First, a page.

Tuesday, April 28, 2015

One Person Emergency Food Budget

So, a one-person emergency food budget will be a bit more difficult at $29 per week. First, you will either need a few extra dollars the first week, a good friend who is also looking to eat cheaply for a week, some basic items in your pantry, or the willingness to go without for a month or more. It is really not possible (unless you come across some great sales) to find the basics you need without having something on hand first.

That being said, I came up with a plan for one person for $29 a week. Most people do get paid bi-weekly, but I'm sticking with the $29 each week for those that are limited in start-up funds.

This is a 4-week plan, because it will take that long to get enough food and basics in your rotation so that you aren't eating ramen and hot dogs every week (as I have heard some people complaining). If you have the benefit of a "head start" on pantry items, you can consider skipping down to week 4.

Week One food list

Week Two food list

Week Three food list

Week Four food list

Special tips for one person:

  • It will help if you have a little bit of oil to start out with (otherwise it is included on the list for week 3). You can make do without, but most recipes will work better with some oil in a pan. If you don't have someone who can loan or sell you just a quarter cup or so of oil, hopefully you either have a non stick pan (use just a bit of water to make sure it doesn't stick) or don't mind a little burned on food.
  • Bring a friend with you and split meat purchases. Some meat purchases can only be bought in "family size" packs. Let's say the smallest pack available is a 4-5 pound pack of meat. So if you are in weeks 1-3 and want to buy more than one kind of meat, you may not be able to. If you have a friend with you, many full service grocery stores will cut the meat for you and repackage it. So, if the only way to get pork (for example) for $1.99 per pound is to buy a 4.5 pound loin, you can ask the butcher to cut it up into pork chops and split it into 2 packages. Call the store first to check if this is something they will do. If the butcher won't do it, you can always share the grocery store purchases with a friend and split the packages later at your home (or theirs).
  • Splitting purchases can also work for other items, including non-food items. For example, many of the large packs of toilet paper can be found for $10 and can be split into 4 individually wrapped packages without much work. If a 10 pound bag of potatoes is on sale for $2.50, you can split that using paper bags after purchasing.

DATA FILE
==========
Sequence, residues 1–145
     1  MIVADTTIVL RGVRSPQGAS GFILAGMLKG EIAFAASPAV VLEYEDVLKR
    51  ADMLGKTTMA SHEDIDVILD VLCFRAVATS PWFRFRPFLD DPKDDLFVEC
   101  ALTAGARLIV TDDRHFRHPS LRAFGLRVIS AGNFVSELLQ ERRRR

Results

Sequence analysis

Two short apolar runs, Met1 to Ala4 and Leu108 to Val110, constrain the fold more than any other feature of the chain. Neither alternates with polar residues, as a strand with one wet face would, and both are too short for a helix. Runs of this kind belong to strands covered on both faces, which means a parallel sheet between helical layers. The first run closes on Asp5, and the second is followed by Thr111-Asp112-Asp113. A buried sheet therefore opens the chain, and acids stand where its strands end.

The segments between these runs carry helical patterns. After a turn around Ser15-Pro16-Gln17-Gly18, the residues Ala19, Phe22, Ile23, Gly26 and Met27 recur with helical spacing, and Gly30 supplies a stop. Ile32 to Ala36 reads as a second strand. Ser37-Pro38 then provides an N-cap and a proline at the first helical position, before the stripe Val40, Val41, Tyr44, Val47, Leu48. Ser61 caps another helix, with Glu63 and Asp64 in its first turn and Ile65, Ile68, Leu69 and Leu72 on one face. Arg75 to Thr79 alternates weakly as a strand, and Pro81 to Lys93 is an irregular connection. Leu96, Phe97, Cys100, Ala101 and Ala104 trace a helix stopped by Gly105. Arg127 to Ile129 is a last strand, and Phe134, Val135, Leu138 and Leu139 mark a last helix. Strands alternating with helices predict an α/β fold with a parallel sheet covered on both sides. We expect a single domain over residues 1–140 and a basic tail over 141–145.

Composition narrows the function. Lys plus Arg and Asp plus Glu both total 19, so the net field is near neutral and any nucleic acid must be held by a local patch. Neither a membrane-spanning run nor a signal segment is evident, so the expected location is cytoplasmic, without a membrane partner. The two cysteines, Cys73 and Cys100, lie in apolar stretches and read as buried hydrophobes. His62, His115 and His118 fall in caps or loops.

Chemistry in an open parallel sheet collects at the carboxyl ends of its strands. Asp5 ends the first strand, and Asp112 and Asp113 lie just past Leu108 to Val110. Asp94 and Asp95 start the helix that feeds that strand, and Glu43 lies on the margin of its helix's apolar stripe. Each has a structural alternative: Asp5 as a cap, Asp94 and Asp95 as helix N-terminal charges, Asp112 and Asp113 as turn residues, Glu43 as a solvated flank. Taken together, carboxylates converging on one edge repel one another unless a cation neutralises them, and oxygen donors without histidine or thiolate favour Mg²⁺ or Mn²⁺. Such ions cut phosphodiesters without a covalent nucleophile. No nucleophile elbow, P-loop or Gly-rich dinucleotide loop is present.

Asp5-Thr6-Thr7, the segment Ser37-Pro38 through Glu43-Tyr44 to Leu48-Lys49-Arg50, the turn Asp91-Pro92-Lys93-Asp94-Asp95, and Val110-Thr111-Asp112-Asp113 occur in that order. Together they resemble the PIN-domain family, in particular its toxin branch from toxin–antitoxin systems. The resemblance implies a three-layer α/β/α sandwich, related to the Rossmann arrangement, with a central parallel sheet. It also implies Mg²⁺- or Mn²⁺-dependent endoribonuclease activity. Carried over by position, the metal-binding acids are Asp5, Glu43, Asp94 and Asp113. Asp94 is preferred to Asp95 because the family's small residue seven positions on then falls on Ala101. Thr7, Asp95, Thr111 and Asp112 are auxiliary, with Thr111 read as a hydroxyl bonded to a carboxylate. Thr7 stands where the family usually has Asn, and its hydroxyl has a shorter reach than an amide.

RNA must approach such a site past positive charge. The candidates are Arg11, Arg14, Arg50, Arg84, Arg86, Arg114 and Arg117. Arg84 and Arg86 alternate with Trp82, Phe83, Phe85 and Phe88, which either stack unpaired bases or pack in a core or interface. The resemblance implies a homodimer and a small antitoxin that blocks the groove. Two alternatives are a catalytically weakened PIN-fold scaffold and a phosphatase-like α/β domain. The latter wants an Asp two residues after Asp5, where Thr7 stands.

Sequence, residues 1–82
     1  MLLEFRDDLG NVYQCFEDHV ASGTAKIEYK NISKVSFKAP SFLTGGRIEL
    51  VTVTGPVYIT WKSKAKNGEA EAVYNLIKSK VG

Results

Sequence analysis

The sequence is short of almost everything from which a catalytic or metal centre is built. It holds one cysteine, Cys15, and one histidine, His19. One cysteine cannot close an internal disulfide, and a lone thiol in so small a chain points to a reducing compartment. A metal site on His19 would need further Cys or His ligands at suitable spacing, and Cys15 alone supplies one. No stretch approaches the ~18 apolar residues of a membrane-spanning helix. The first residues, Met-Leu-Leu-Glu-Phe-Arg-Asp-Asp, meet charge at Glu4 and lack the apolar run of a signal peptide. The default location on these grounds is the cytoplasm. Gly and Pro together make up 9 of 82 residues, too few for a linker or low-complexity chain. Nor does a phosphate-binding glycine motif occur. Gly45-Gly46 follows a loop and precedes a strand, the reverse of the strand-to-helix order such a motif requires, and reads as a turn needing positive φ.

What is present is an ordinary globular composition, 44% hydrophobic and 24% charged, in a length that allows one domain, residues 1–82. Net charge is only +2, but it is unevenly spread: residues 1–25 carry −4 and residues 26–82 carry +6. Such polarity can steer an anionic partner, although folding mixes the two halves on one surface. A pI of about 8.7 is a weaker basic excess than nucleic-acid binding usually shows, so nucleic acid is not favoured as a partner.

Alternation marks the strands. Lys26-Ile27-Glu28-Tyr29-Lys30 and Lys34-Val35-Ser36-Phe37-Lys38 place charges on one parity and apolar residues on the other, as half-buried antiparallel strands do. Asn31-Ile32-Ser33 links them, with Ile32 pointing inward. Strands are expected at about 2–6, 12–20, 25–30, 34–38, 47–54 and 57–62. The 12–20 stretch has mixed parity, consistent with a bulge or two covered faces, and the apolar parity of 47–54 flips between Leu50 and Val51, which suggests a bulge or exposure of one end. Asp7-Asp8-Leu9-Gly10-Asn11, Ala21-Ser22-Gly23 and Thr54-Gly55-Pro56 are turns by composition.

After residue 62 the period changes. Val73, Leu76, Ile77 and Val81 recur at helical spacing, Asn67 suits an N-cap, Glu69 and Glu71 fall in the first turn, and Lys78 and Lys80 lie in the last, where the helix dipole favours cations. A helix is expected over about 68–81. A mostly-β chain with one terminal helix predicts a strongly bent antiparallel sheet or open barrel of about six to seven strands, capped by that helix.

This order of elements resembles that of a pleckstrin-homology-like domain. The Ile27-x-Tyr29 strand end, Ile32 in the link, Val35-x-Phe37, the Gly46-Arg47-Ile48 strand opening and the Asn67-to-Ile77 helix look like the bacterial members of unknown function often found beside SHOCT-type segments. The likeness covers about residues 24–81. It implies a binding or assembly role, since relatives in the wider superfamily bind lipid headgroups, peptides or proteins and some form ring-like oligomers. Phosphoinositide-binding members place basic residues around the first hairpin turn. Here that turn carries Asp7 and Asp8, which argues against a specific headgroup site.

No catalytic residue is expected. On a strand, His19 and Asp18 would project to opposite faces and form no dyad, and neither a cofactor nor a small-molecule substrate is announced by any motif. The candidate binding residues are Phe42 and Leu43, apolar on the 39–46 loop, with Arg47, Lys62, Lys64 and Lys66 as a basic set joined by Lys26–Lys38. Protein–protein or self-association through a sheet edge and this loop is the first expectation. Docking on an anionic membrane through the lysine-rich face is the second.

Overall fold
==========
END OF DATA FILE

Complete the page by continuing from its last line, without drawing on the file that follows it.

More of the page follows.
• You can even split meals! If you want to cook a large meal and share the work, you can make a chili, soup, or casserole and either freeze the leftovers or share with another single friend.\
  • You must use all your leftovers. If you don't need to buy more lettuce on your "shopping day" try to make it until the next week and rearrange your meal list so you use the lettuce up first. If you have leftovers of anything and it's not on the meal list, it is expected to be frozen before it goes bad (i.e. if the hot dogs have been open for 7 days, then put any extra in the freezer). It can help to write on each package when it was opened.
  • If you truly have nothing in your pantry, living on this budget will require discipline. However, you may find, once you get going, that you are used to buying certain items and can recognize a good price if you see something on clearance or sale. For instance, if you see boneless, skinless chicken on sale for $1.79, you can buy that instead of the whole chicken from week 2 and use the week 4 meal list. Or change the meal list as needed to reflect actual sale prices in your area.
  • Also, if you are truly in need, please use a food bank in your area to get started. Once you've built up a pantry of items, you can gradually return items to the food bank as you have room in your budget. 
  • If you have used all your local resources and still can't make this budget work, or are concerned about your finances in general, you can seek assistance from a counselor. Churches may provide no or low-cost counseling, many colleges have counseling centers, or if you need primarily financial counseling you can contact a local non-profit Consumer Credit Counseling Agency in your area (check your credit card statement for a phone number to call). Also, if you ever feel panicky, depressed, or unmotivated about your situation, please contact a crisis hotline (such as 1-800-273-TALK) immediately, Mental health can be just as important as financial health in keeping on track with your life. I have found that many people who are struggling financially, or in other ways, need to address something within their own mind before they can move forward.



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